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COMMENTARY: Thoughts on the weapons debate

Like most of us, I've been brooding over school and public space massacres. Probing the causes in my mind, wondering how we can stop them. Some answers: stronger and less individualized communities, better teaching and mentoring of prospective parents, and changes in how we arm and police.

But first, some political economy. As an economist, I've been studying national defense since the 1980s. I wrote four books: "The Rise of the Gunbelt" (1991), documenting how and why most of our military bases and defense plants are in the south and west; "Dismantling the Cold War Economy" (1992), about how to move workers, companies, plants, technologies and shuttered military bases into civilian uses; and two forward-looking policy books, "Arming the Future: A Defense Industry for the 21st Century" (1999) and "America's Peace Dividend" (2000).

As a senior fellow at the Council on Foreign Relations, 1995-2000, I convened a monthly study group on the arms trade and defense industry. Group members included the Council's senior military fellows, including a Four-Star Navy admiral; policy leaders from Machinists' Union, the International Red Cross and the Mennonite Peace movement; the chief lobbyist for the National Rifle Association; and researchers studying everything from the small arms trade to the nuclear triad, military base closings and the state of our readiness.

I learned that it's possible to limit the spread of weapons, from hand-held to large platforms and nuclear bombs. Strong international agreements limit the export of small arms, capable of great carnage, to many developing countries. Since the U.S. invasion of Iraq, these have eroded.

Here at home, former New York Republican Mayor Bloomberg led a national effort to limit concealed weapons carriage in cities. That has made many of our largest, most diverse cities, like New York, much safer.

Second, our economy includes large arms manufacturing companies whose operations we rarely read or hear about in the press. They are major exporters of arms, from fighter jets to automatic rifles, as well. The NRA lobbyist would always fly from his West Coast home to our monthly sessions when the topic was the arms trade. Why? Because the NRA receives large contributions from weapons manufacturers and has a record of opposing arms limitation deals.

It is heartening currently to see greater scrutiny of NRA and arms merchants' position on the part of public pension funds, American companies and investors of the political positions of the NRA and arms merchants.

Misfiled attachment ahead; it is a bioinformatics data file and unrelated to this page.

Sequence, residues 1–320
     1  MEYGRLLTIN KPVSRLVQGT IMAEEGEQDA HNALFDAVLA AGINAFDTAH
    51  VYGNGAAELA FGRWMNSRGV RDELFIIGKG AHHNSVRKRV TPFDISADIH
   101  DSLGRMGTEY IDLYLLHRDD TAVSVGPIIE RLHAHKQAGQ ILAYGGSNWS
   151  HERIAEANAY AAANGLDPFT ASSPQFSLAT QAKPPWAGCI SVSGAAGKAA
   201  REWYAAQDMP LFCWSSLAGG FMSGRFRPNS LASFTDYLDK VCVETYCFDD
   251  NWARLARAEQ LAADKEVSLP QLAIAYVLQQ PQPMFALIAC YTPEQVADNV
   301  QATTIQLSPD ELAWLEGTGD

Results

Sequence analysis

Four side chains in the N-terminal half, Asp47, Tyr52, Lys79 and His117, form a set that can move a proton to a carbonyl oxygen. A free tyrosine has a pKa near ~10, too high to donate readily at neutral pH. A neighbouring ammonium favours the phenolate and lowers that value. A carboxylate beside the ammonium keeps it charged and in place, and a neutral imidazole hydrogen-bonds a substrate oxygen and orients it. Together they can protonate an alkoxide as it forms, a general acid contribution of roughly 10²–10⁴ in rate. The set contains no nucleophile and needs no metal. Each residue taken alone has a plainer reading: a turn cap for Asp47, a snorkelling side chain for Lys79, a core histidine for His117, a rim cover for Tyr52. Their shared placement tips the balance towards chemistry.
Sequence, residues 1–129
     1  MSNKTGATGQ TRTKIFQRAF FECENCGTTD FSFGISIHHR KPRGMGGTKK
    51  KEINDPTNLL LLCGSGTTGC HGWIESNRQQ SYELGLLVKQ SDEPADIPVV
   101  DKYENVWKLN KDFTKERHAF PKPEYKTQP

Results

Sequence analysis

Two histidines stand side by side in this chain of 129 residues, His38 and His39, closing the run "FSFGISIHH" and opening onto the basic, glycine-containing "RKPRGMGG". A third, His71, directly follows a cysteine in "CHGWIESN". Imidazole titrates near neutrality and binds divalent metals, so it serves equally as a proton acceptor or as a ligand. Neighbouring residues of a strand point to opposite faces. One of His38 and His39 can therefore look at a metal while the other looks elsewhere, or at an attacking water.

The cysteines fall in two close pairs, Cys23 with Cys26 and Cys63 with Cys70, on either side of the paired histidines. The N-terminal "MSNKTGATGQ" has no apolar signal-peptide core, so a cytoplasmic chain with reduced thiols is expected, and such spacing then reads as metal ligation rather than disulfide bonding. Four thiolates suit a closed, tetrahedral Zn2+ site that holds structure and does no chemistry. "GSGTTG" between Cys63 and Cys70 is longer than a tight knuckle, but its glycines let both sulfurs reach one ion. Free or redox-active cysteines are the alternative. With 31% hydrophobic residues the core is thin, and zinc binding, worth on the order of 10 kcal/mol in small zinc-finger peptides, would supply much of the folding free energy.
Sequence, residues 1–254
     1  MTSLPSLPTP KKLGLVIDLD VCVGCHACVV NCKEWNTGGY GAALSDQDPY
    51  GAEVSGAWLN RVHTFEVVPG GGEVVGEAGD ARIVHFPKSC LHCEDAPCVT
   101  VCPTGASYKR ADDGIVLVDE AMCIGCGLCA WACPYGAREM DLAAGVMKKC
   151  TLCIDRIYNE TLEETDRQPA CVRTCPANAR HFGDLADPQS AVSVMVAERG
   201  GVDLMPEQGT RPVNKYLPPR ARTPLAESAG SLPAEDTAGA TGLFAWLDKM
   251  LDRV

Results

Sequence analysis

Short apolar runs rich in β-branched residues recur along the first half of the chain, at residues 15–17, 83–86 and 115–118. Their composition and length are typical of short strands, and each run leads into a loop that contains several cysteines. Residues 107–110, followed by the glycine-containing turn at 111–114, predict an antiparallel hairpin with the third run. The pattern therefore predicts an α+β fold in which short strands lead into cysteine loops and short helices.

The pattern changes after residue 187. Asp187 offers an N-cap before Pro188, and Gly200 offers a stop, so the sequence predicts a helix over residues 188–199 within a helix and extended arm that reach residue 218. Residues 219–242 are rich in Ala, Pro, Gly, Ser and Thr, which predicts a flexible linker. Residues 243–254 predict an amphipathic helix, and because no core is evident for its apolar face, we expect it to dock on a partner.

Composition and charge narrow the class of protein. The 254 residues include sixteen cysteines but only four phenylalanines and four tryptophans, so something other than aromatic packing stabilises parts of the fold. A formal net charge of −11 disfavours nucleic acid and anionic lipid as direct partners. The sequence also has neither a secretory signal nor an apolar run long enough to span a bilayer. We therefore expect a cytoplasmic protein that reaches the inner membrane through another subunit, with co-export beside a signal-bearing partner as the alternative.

Third, lowering the defense budget, the opposite of the Trump administration's deficit-financed proposals, is good for jobs, consumers and the economy.

In the 1980s, the huge Reagan buildup initiated by Republican President Reagan raised the defense budget from around $350 billion to $550 billion in six short years, doubling the national debt.

In the 1990s, at the end of the Cold War, the Clinton administration and the Congress lowered the US defense budget to around $380 billion, a cut of about 40 percent in real terms. The benefits? Lower interest rates as we retired national debt and expanded infrastructure and social services. The economy boomed.

In the 1990s, I and my student and postdoc teams worked across the U.S. with defense companies, workers and communities, helping them adjust to the huge cuts.

After 911, the defense budget ballooned again. Why is President Trump proposing another economy-depressing huge increase in the defense budget, and what is it for?

Still deeper questions: Why do we have so many men who decide to engage in mass slaughter? Disengagement, the absence of community, disparagement in the school system, poor or worse parenting? Could we change these? Could we, in our schools, neighborhoods and towns, learn to and invest in helping the most difficult young people?

And could we limit the carrying, sales and production of the most lethal weapons? During my 2010-11 year as a UK Fulbright Distinguished Chair in Glasgow, I spent time with a young police officer from Los Angeles who was placed, for his Fulbright, with the London Police Force. I asked him what he thought about not arming London cops with guns.

He explained that Britain, though a hunting country and with many who have served in their military, has had strict gun control laws since the 1960s. These have been strengthened, not weakened, over the decades in response to massacres that involved lawfully licensed weapons. Check out the Library of Congress website:

My Fulbright friend was wistful. He wished they could do that in Los Angeles!